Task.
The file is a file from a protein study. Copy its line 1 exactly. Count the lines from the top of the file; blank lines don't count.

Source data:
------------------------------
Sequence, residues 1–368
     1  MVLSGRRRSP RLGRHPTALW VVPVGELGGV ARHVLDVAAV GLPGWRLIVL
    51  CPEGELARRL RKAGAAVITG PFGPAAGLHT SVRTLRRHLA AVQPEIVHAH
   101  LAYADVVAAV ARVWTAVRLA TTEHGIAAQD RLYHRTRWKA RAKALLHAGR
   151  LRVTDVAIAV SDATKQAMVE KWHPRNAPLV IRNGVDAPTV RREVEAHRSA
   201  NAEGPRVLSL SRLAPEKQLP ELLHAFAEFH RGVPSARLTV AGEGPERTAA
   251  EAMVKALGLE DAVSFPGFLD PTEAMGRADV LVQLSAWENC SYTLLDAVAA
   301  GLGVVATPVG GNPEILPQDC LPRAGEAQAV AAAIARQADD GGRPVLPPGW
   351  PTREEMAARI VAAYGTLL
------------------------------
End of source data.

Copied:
Sequence, residues 1–368